Family Petitions For 'Amelia's Law' After Daughter Dies In Wreck - | Nashville News, Weather & Sports

Family Petitions For 'Amelia's Law' After Daughter Dies In Wreck

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by Emily Luxen

NASHVILLE, Tenn. - A Tennessee family is fighting to preserve a teenager's legacy while bringing big changes to the state's justice system.

16-year-old Amelia Keown was killed August 14 near Knoxville after she was hit head on by another driver going 75 miles per hour.  That driver, John Perkins, had a lengthy criminal history that included multiple traffic violations and several charges of theft, drug possession and delivery, violation of probation, contempt of court, evading police, felony escape and robbery charges.

Keown's mother and grandfather are now trying to get a new law passed that imposes stricter sentences for convicted felons who pose a serious threat to the public.  They believe that would have saved Amelia's life.

"If we don't stop this, and take back control of our streets then this is going to happen again and again and again," said Wayne Keown, Amelia's grandfather.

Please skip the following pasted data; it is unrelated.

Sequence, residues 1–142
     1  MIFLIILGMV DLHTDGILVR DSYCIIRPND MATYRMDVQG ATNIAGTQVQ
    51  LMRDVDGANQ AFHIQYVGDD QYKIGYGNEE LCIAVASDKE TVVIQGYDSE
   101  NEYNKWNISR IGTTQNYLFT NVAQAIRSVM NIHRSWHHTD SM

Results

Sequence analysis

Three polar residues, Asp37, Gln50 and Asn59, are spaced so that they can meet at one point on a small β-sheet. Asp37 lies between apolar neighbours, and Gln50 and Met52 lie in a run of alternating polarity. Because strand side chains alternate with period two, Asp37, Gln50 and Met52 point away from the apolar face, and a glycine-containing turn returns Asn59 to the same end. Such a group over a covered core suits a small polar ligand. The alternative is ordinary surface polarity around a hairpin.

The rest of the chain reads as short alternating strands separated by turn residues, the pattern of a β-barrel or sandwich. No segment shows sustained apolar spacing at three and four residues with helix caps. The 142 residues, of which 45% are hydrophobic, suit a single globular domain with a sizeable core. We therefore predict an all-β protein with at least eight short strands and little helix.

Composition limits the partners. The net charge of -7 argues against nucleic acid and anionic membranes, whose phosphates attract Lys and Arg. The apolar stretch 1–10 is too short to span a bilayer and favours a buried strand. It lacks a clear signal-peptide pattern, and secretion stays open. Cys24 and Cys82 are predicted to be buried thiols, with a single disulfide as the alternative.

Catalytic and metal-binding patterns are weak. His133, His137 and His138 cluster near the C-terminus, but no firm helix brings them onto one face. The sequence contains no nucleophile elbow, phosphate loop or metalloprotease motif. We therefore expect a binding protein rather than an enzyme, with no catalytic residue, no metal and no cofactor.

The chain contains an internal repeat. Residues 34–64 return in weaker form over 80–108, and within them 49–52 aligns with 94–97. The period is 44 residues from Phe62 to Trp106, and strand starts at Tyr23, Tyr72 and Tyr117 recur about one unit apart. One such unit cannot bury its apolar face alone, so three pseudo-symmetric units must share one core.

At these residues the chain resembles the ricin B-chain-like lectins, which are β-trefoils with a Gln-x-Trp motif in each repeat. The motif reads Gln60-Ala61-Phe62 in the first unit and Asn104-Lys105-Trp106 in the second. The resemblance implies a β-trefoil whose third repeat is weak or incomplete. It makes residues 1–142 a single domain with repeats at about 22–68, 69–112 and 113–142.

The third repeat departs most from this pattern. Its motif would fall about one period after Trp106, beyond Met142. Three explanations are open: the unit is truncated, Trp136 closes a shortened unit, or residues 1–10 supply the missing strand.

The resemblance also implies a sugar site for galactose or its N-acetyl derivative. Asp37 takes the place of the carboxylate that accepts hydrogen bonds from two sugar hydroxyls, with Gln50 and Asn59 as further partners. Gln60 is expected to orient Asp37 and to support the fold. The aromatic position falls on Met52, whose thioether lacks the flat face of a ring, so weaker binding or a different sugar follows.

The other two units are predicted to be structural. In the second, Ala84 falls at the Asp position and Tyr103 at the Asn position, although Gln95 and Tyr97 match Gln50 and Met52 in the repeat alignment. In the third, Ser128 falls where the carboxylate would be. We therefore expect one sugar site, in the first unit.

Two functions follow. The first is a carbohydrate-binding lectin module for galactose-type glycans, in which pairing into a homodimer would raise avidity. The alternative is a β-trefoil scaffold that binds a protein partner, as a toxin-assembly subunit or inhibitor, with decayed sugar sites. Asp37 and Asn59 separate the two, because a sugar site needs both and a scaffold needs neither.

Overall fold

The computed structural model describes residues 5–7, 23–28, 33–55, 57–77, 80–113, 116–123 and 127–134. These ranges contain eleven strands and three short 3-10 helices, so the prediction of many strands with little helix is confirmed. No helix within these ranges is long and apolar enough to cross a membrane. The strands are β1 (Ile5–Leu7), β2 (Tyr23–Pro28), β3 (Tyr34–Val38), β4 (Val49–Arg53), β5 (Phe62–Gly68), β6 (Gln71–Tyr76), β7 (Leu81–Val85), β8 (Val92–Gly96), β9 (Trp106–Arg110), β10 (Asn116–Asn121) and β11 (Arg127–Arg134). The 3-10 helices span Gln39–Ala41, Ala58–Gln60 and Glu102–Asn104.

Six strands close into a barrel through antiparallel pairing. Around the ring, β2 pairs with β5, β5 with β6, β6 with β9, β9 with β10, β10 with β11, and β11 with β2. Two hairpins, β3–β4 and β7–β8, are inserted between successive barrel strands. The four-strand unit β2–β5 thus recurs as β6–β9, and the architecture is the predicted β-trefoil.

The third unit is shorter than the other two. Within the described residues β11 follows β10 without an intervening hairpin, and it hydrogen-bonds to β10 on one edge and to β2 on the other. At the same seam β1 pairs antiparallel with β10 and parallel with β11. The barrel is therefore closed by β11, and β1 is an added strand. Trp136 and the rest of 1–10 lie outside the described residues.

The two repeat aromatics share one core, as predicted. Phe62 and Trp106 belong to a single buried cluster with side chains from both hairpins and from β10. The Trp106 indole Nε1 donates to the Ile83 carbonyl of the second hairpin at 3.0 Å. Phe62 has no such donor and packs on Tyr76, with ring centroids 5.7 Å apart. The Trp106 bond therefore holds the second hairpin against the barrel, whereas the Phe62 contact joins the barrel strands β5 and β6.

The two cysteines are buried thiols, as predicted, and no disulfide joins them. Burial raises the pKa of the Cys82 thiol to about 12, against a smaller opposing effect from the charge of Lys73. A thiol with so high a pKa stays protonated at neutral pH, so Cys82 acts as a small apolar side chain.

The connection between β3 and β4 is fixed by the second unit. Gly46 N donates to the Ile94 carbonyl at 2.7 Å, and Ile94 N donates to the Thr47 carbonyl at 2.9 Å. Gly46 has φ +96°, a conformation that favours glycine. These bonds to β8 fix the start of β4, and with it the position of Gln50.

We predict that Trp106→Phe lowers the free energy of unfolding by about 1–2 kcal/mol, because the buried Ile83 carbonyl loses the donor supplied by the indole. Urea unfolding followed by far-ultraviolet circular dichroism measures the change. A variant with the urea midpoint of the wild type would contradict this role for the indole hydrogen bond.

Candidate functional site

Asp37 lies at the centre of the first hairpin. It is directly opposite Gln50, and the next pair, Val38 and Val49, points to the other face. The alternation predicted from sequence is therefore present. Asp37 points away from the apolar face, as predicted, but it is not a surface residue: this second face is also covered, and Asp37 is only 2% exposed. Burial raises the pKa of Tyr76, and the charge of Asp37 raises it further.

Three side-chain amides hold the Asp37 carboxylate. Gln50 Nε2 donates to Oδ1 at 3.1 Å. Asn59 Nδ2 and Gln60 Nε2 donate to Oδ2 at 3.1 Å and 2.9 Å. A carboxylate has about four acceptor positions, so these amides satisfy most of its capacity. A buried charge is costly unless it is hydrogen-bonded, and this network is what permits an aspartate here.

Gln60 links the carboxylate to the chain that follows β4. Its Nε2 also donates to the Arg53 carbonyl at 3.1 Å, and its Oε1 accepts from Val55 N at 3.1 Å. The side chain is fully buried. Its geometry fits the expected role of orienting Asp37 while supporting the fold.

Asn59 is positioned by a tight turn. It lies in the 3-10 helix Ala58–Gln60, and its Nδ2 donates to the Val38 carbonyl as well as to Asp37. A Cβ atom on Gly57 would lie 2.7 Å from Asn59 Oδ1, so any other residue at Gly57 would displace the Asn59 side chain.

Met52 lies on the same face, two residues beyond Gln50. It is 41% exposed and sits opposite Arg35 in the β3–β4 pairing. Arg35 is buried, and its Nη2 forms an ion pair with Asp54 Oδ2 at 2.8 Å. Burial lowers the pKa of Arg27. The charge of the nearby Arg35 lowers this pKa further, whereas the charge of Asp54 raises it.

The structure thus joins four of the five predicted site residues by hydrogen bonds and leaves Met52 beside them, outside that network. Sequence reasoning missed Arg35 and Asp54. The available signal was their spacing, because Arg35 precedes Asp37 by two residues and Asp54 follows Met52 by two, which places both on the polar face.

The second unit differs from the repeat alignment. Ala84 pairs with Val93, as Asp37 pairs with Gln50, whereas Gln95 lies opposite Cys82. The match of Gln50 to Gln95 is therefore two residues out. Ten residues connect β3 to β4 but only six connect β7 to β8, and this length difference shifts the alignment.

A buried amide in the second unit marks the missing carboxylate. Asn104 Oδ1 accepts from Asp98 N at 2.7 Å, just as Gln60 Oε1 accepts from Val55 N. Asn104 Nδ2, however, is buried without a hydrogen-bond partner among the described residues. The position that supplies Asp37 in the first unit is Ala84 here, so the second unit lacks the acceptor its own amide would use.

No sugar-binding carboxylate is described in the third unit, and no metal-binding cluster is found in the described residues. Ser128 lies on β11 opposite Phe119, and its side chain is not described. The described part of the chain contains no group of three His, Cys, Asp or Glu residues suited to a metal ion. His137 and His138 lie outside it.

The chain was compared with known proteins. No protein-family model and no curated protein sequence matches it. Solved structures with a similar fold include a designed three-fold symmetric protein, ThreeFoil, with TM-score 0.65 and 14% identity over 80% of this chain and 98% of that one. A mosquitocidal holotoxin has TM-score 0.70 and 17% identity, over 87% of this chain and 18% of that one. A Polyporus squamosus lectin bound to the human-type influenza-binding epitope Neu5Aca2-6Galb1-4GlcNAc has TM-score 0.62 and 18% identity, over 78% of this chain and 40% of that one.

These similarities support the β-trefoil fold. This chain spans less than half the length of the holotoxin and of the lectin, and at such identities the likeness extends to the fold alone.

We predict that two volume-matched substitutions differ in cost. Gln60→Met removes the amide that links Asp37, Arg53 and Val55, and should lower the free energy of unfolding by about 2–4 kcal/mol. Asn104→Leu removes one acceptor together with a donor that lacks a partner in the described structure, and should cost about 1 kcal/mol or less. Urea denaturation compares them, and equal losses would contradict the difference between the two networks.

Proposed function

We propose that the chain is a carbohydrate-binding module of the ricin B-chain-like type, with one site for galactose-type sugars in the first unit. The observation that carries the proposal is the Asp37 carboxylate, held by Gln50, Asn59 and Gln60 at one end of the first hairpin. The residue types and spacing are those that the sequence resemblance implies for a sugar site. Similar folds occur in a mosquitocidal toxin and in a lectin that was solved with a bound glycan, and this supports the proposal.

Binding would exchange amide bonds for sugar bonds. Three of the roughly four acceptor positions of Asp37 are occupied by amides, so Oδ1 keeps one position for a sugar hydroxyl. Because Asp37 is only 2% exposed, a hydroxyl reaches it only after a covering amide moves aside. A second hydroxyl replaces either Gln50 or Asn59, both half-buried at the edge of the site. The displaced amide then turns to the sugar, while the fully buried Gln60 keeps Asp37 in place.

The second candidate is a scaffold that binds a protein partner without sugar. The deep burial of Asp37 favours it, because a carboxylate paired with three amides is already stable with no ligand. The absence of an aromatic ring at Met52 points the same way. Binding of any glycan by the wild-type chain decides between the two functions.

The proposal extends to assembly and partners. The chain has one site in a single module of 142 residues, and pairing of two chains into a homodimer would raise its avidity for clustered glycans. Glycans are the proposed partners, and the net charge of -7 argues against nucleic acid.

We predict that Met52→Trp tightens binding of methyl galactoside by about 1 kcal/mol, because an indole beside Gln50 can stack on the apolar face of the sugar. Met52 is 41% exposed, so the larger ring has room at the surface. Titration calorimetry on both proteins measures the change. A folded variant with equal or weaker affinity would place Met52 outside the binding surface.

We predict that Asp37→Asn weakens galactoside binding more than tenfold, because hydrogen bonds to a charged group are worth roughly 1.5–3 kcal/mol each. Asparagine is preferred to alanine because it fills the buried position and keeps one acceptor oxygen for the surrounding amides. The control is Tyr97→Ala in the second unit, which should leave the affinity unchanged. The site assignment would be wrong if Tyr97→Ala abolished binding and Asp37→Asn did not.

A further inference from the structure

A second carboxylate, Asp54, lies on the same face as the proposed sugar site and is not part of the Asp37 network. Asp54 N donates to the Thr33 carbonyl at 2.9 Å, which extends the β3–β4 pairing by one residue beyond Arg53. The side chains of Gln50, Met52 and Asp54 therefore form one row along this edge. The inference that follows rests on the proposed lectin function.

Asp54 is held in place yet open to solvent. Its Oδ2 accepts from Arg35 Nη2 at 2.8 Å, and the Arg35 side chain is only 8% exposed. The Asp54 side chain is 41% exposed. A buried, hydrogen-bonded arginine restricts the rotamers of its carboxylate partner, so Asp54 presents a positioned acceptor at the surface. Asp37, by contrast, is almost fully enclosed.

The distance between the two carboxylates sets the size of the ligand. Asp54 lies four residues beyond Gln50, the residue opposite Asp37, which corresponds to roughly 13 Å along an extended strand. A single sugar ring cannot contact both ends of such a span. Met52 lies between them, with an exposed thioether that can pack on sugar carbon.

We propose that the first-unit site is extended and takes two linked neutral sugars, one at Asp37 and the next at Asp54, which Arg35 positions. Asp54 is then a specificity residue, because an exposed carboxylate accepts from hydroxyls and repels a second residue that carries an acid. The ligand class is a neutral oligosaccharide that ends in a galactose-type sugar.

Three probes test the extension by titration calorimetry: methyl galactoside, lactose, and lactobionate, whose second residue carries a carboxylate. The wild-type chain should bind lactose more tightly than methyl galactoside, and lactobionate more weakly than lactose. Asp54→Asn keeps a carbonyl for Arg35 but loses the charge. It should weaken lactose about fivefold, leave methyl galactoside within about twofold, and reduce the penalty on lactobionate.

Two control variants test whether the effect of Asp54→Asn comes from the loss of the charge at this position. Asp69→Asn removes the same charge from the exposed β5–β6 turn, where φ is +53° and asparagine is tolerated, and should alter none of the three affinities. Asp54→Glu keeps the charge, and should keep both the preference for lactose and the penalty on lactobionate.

Keown, and Amelia's mother, Amanda Moore, argued that Tennessee's existing "three strikes" law is too vague, and needs to be changed.  They propose the new version should be called "Amelia's Law."

"This will honor Amelia," said Keown. "She was a beautiful girl who everyone loved. She had a bright future ahead of her."

The family made their case for the new law to Tennessee Lt. Governor Ron Ramsey Wednesday. They presented a petition with 6700 signatures of support. They have a meeting scheduled with State Representative Bob Ramsey next week.

"This was not just an accident.  This man killed her and nothing will bring her back," said Moore. "I don't want any other family to experience what we're experiencing right now."

Lieutenant Governor Ramsey instructed the family to enlist the help of their state senators and representatives and to be patient.  He said the entire process could take two years.

"I've said I will fight until the day I die to make sure this law gets passed," said Moore.

For more on Amelia Keown, and the family's quest you can visit


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